A QSR normally fits into one of 4 categories:
• Free Standing with Drive Thru (FSDT)
Each has a series of Drivers to consider and these vary obviously depending on the type of store your wish to open. In this episode, I shall address the CBD stores.
CBD’s are different to any other area or type of store. The CBD QSR is normally mainly about lunchtime trade, and does have some share of their business potentially in breakfast, and in the evening trade.
Depending on what you are selling, you will have some idea as to your suitability. For example McDonalds covers all aspects, breakfast, lunch and dinner. The likes of a small take away sushi shop however does not have much breakfast opportunity, is all about the lunchtime trade, and not much for dinner, when people are more likely to want to sit down to eat.
For a QSR to sell to customers, the customers must be coming past. In the CBD, the passing trade is everything. There is very little information on pedestrian traffic, however some of the larger councils like Melbourne City Council now have some information on their website.
I find it really easy to use counters, and spend some time taking 5 minute counts at different places. Make a line across the traffic flow, and just count for 5 minutes ALL persons who walk past in either direction. Go and do that in a few areas, probably coming back to do each one a second time, say ½ an hour later. It is amazing how it can clarify your views on pedestrian traffic.
Owners definitely have their own views of the traffic and will be advised by their real estate agents what rent to charge, partially based on the pedestrian traffic.
I can only suggest that the vacant site down the side lane with the low rental is there because it does NOT have much passing traffic. In my earlier episode (on Inlines) I did refer to Impulse vs. Destination, and this applies exactly the same whether you are on a shopping strip, a CBD site or in a Mall.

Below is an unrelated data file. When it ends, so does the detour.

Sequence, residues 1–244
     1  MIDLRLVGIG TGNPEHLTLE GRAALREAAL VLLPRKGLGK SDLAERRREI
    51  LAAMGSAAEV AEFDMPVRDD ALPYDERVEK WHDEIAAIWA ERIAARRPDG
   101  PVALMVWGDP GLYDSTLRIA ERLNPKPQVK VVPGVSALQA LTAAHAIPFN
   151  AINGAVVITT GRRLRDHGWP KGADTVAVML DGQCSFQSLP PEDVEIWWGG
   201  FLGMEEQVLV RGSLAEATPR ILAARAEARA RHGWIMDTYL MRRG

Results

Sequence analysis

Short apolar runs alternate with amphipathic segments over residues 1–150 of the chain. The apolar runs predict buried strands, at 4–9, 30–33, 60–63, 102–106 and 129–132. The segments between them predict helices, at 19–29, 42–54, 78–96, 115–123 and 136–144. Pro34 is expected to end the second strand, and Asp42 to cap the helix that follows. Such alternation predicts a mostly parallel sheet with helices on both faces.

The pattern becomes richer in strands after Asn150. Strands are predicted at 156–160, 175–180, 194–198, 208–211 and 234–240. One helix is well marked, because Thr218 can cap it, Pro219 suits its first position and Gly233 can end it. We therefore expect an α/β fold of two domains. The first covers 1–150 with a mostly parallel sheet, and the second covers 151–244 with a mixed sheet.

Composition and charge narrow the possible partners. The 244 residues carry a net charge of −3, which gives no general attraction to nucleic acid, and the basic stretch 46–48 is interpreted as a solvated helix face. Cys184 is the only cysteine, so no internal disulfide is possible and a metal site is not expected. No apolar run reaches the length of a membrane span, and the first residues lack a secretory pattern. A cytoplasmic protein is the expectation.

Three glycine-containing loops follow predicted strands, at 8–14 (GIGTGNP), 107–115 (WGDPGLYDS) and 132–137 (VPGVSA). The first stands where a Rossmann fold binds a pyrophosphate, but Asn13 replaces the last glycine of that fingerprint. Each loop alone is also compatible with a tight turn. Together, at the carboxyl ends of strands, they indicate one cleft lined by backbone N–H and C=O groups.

Some opportunities arise within a food court in the CBD, and you can see where the pedestrian traffic is coming from, and to where it is heading. If a food court is square or rectangular, you can often see quiet sections tucked away in corners, and the busiest sections near the main entrance. Quite often one side of the food court is far stronger due to the tenants, and the other side is quieter. Again, using a counter to measure pedestrian traffic in maybe 2 minute lots at the busiest times, will quickly reveal the quiet corners of the food court.
In the CBD, you can be offered a variety of sites, from small, hole in the wall sites, to foodcourts, and inline type stores. The store is pretty much a function of size, window frontage, whether you are on a corner or not, and to an extent being at ground level with easy access. Store suitability is having the right size and shape of store for what you are selling (and rent you are paying). If you need 80 sq m for your coffee shop, it is no good having 120 sq m. if you are not likely to use all the space. If you need to display your goods in the window, it is no good having a 3 metre frontage, with the door taking up the first 1.5m!
I would like to break this into 3 sections:
1. General QSR’s in a City Mall, but not in the food court, generally are more of the coffee and cake type of store. These stores often have some outside seating and aim more for the customer to sit down to consume their goods. These stores need to be the right size, often have good visibility, such as on a corner and be allowed to put up good signage and colour to attract the clientele.
2. The food court stores in the CBD are all about size and frontage so it can be seen, and can display the food for sale and still handle the rapid lunchtime traffic. Many food courts in the CBD only trade during the day, Monday to Friday, and do not open on a weekend. Most food court stores are around 8 m across, with kitchen space behind for the food preparation.